Aliens (1986) / Sci Fi-Action
MPAA Rated: R for violence, sexual references, gore, scary images and language
Running Time: 137 min. (theatrical) / 154 min. (director's cut)
Cast: Sigourney Weaver, Carrie Henn, Paul Reiser, Michael Biehn, Bill Paxton, Lance Henriksen, William Hope, Jenette Goldstein, Al Matthews, Mark Rolston
Director: James Cameron
Screenplay: James Cameron
Review published July 12, 2004
Debates may rage on as to whether Aliens is actually a better film than Alien, and I'm of two minds myself on it myself, but regardless of the conclusion, one thing is clear -- they are both exemplary works of science fiction cinema. Ultimately, where you stand will probably have more to do with what kinds of movies you have a preference for. If you like intelligent, absorbing sci-fi and atmospheric horror, Alien is the choice. If you like adrenaline-charged action and mind-blowing special effects, Aliens gets the nod. Or if you're anything like me, and love both styles of movies, you'll be in for a treat, as both films are near the tops of the list no matter which way you try to slice it.
Aliens is the right way to do a sequel. It carries the storyline where the first film leaves off, and rather than regurgitate the formula, it takes the story into a new direction, and does so without ever losing momentum in the process. There is also a maturation in the characters, all of whom change as the film drives forward, rather than stay stuck in shallow stereotypes. Ripley (Weaver, Ghostbusters) started off Alien as your average woman who is thrust into bravery out of necessity, and this trend continues, seeing her go the distance in becoming a full-fledged soldier in doing what's right (from a humanistic point of view). Even the supporting characters change on a smaller scale, with the diminutive Newt learning that she can trust someone again, while the big-talkin' Hudson (Paxton, Apollo 13) eats a bit of humble pie once he gets a taste of how dominating the menace truly is. This isn't just great action, it's terrific character development, and while the technical aspects do leave a lasting impression, it's really the quality screenwriting by Cameron that allows the film to pay off in a large way as the film heads toward its explosive conclusion.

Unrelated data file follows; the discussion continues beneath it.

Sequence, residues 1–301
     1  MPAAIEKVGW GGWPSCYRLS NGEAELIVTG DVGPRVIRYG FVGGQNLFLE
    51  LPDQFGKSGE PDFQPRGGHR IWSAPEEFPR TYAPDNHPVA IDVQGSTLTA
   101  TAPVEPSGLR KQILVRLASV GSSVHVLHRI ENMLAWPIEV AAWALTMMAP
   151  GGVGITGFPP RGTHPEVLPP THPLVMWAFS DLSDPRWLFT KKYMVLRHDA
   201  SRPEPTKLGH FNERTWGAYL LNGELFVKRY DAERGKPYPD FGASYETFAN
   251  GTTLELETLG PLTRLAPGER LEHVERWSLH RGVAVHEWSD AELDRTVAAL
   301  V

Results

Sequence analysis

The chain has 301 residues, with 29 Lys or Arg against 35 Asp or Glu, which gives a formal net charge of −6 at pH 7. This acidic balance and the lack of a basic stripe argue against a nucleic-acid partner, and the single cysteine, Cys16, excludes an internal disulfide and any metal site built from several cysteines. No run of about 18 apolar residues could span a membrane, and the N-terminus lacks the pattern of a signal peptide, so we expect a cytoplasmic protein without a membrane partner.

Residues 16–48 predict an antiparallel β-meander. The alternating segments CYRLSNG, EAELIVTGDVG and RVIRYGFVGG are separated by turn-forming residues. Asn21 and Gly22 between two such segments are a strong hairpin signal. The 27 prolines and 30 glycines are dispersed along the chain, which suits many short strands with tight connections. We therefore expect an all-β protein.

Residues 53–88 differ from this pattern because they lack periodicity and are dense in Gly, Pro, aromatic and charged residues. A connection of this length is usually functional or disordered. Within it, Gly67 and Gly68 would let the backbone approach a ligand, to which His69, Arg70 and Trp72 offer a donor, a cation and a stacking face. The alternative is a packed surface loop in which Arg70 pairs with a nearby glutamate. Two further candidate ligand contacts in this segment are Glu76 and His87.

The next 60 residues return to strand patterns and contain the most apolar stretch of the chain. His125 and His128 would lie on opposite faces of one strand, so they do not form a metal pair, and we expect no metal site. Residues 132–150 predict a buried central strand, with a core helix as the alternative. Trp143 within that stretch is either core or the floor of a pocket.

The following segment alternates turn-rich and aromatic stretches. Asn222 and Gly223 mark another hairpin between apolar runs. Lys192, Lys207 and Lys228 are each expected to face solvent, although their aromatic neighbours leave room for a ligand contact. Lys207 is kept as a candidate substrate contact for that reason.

Although the film starts where the first film leaves off, with Ripley in a cryogenic sleep drifting in the escape shuttle, what Ripley doesn't know until after she is rescued is that she has been that way for 57 years. When she gets back, the company that owned her ship is very interested in why she decided to blow it to smithereens, and are not too impressed with her implausible "alien on board" story, since they have recently inhabited the newly terraformed world Ripley claims to have encountered the alien on, and have found nothing to indicate there is any danger there. That is, until the company loses all signal from the far-off settlement, and offer Ripley full reinstatement if she will act as advisor to a squad of Marines sent to investigate the affair.
With intensity that builds to a fever pitch, Aliens is a true rollercoaster ride that only accelerates to white knuckle proportions right up until the cataclysmic ending. This is action filmmaking at its finest, with complex plot developments, an absorbing science fiction backdrop, and truly heinous villains to make you squirm in your seat. The funny thing about it is, I'm only describing the second half of the film. The first hour is almost nothing but plot and character development, with only the merest hints of an alien monster to be found. You'll never notice, because the drama is every bit as interesting as the further action scenes, working perfectly in concert to make each half all the more satisfying.
It's a great action, science fiction, horror, and war film all rolled into one -- working so wonderfully on all levels that you almost forget the underlying social commentary on the evil motivations of corporate greed and the continuation of the female as action hero that Cameron (True Lies) would perfect in the Terminator films. It's a dark and sticky descent, but effectively so, as the grotesque imagery only makes the situations all the more horrific, and the danger to the precious little girl Ripley all but adopts all the more immediate.
Aliens is absolutely must-see for anyone who has seen Alien, and both films are essential viewing to anyone who enjoys science fiction and horror. Sadly, this is also the final film in the Alien series that I even claim to be part of the story, as subsequent entries do little more than destroy almost every facet that made the first two films so wonderful to behold. Cameron's mastery of action is prodigious, Weaver's Ripley is fantastic, and the special effects wed the story to perfection. Pure adrenaline for all action junkies -- it's one of the best thrill-rides ever made.
-- Followed by two sequels, Alien 3 and Alien: Resurrection, and the prequels, Alien vs. Predator and Aliens vs. Predator: Requiem.
©2004 Vince Leo